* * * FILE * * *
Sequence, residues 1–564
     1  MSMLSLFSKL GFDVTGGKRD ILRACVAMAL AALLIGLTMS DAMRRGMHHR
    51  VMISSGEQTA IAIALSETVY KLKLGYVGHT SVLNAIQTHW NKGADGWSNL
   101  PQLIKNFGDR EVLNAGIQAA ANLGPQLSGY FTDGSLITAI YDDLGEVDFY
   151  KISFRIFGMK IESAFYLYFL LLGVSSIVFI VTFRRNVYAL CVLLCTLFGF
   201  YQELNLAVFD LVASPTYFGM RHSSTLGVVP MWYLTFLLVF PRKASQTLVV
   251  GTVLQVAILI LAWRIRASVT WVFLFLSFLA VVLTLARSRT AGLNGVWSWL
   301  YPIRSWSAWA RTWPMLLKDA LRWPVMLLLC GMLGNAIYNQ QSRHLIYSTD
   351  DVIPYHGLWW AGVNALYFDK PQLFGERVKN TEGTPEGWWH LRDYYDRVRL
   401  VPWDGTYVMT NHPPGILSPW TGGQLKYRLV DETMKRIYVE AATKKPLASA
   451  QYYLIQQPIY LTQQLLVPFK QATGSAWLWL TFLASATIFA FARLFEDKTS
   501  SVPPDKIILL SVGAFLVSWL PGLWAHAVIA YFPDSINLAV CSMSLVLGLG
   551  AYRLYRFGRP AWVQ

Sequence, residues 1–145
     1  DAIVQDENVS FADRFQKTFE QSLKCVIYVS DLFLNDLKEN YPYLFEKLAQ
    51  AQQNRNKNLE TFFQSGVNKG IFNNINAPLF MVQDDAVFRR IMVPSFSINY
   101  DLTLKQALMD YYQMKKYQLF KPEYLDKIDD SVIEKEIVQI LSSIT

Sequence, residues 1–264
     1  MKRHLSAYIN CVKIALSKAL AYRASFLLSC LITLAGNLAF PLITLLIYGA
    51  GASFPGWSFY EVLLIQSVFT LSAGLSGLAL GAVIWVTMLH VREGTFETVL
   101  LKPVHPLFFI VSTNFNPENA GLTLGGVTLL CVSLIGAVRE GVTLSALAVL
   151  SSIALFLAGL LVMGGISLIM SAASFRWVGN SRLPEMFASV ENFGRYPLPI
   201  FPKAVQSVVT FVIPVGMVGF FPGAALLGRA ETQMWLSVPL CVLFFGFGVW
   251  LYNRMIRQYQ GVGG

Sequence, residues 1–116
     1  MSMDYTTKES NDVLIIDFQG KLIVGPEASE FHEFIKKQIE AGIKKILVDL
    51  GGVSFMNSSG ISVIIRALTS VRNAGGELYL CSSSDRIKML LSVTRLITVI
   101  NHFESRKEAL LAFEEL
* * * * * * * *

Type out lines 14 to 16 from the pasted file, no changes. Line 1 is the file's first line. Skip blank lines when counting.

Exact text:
Sequence, residues 1–145
     1  DAIVQDENVS FADRFQKTFE QSLKCVIYVS DLFLNDLKEN YPYLFEKLAQ
    51  AQQNRNKNLE TFFQSGVNKG IFNNINAPLF MVQDDAVFRR IMVPSFSINY